Friday, March 2, 2012 10:12AM - 10:24AM |
Y24.00012: Optimizing the Hartree-Fock orbitals by the DMRG Mingpu Qin, Honggang Luo, Tao Xiang We have proposed a density matrix renormalization group (DMRG) scheme to optimize the one-electron basis states of molecules. It improves significantly the accuracy and efficiency of the DMRG in the study of quantum chemistry or other many-fermion system with nonlocal interactions. For a water molecule, we find that the ground state energy obtained by the DMRG with only 61 optimized orbitals already reaches the accuracy of best quantum Monte Carlo calculation with 92 orbitals. [Preview Abstract] |
Friday, March 2, 2012 10:24AM - 10:36AM |
Y24.00013: Determination of Boundary Scattering, Intermagnon Scattering, and the Haldane Gap in Heisenberg Chains Hiroshi Ueda, Koichi Kusakabe Low-lying magnon dispersion in a $S=1$ Heisenberg antiferromagnetic (AF) chain with boundary $S/2$ spins coupling antiferromagnetically ($J_{\rm end} > 0$) is analyzed by use of the non-Abelian DMRG method. The Haldane gap $\Delta$, the magnon velocity $v$, the inter-magnon scattering length $a$, and the scattering length $a_{\rm b}$ of the boundary coupling are evaluated. The length $a_{\rm b}$, which represents the contribution of boundary effects, depends on $J_{\rm end}$ drastically, while $\Delta$, $v$, and $a$ are constant irrespective of $J_{\rm end}$. Our method estimates the gap of the $S=2$ AF chain as $\Delta = 0.0891623(9)$ using a chain length up to 2048, which is longer than the correlation length. [Preview Abstract] |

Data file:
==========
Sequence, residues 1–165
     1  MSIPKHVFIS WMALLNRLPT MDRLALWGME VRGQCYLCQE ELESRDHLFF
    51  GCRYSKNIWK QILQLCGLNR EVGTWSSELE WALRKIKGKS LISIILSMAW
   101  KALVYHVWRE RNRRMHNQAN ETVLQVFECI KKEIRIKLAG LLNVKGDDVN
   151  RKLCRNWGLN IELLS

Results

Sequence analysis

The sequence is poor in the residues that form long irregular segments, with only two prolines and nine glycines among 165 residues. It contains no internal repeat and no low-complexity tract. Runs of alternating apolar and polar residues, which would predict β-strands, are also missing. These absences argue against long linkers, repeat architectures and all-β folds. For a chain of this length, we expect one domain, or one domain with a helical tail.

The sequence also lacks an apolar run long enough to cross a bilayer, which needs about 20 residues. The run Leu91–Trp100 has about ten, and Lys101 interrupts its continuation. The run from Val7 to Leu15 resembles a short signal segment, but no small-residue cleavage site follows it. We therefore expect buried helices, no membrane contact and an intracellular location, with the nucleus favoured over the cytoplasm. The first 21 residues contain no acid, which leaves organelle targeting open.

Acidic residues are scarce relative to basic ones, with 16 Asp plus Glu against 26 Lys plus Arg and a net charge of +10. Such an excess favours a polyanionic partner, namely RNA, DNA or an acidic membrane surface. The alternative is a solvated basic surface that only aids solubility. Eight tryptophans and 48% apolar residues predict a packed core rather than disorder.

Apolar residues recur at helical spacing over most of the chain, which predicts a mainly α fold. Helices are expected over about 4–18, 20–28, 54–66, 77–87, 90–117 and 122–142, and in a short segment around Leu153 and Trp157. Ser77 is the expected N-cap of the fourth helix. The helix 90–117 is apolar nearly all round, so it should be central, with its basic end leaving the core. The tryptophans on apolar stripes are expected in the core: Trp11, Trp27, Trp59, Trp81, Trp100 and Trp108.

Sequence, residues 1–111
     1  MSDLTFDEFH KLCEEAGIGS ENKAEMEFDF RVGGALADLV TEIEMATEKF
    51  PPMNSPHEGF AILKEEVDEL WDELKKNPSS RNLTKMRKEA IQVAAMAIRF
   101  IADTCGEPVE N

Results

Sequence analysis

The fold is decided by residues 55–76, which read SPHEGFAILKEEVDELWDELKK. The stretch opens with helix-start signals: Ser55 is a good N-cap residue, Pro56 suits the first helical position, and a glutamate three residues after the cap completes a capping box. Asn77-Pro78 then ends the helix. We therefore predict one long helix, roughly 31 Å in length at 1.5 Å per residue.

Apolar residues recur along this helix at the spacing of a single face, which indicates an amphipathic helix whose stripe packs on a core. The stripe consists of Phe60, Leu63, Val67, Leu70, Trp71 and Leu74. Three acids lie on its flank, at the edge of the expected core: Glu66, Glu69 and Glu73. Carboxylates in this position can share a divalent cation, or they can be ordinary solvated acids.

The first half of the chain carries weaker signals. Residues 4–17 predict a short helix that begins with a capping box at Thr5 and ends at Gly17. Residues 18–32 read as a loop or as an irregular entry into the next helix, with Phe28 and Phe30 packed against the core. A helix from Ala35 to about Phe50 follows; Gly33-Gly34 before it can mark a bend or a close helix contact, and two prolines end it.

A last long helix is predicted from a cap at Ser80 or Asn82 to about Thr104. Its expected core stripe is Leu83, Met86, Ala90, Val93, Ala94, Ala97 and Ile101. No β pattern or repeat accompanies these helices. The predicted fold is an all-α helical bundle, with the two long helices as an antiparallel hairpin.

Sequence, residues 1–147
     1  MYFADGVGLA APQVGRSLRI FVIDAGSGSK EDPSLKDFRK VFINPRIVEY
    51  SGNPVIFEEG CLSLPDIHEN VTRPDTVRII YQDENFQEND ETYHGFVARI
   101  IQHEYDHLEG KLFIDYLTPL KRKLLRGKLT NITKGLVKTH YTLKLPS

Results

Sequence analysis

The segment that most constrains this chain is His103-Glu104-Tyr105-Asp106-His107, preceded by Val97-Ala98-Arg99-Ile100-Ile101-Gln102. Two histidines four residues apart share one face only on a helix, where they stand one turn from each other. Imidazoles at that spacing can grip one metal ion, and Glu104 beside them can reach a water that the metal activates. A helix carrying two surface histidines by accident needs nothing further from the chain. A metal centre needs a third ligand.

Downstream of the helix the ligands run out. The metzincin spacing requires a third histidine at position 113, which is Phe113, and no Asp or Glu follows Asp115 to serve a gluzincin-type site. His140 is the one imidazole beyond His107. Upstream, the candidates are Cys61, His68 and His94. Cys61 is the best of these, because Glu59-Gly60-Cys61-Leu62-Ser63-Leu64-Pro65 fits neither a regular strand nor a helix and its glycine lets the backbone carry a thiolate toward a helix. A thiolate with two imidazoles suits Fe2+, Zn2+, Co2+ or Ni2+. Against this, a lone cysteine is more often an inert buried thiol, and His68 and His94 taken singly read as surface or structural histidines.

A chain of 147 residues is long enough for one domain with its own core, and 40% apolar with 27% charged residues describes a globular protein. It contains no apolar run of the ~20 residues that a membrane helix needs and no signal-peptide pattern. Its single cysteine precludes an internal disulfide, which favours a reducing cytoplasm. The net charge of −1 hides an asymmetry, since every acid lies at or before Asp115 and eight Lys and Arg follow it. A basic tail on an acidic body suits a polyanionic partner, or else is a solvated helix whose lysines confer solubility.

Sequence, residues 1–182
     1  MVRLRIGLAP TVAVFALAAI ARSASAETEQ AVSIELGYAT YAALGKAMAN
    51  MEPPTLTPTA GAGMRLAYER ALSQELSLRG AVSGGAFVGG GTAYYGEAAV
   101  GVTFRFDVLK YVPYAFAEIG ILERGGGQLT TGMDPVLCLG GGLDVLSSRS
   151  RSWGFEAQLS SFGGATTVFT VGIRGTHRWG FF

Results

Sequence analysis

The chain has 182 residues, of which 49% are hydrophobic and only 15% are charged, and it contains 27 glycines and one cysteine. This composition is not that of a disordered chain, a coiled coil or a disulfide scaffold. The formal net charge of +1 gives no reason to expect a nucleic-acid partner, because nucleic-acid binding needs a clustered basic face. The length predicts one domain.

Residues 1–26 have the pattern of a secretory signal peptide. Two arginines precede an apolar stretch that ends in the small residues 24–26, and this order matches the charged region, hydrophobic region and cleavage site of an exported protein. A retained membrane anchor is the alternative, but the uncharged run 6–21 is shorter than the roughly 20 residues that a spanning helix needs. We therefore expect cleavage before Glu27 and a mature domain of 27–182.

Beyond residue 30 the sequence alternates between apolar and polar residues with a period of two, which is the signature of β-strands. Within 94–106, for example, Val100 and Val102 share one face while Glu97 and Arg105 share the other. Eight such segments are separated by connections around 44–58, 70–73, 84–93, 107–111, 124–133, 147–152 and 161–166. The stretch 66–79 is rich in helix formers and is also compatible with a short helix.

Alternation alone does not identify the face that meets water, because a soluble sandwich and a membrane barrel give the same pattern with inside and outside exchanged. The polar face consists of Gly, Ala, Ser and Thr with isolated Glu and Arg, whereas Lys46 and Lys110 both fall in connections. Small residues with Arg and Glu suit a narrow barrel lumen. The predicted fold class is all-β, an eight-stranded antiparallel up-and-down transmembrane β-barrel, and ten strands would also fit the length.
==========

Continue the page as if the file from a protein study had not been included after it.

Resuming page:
Friday, March 2, 2012 10:36AM - 10:48AM |
Y24.00014: Fractional exclusion statistics: the paradigm to describe interacting particle systems Anghel Dragos-Victor The thermodynamics and statistical mechanics calculations for systems of interacting particles represent in general a difficult task. Even in relatively simple cases, like systems described in the Fermi liquid theory or in the Hartree or Hartree-Fock approximations, the dependence of the quasiparticle energies on the population of all the quasiparticle energy levels makes it impossible to apply the standard formalism. This is because either the sum of quasiparticle energies is different from the total energy of the system or the typical Bose and Fermi populations do not maximize the partition function. The solution to this problem is provided by the application of the fractional exclusion statistics. In this presentation I will compare the standard treatment of systems of interacting particles, given in terms of the Bose or Fermi populations of the quasiparticle energy levels, with a method based on the fractional exclusion statistics. This method is the only paradigm for describing rigorously the interacting particle systems in terms of quasiparticles. [Preview Abstract] |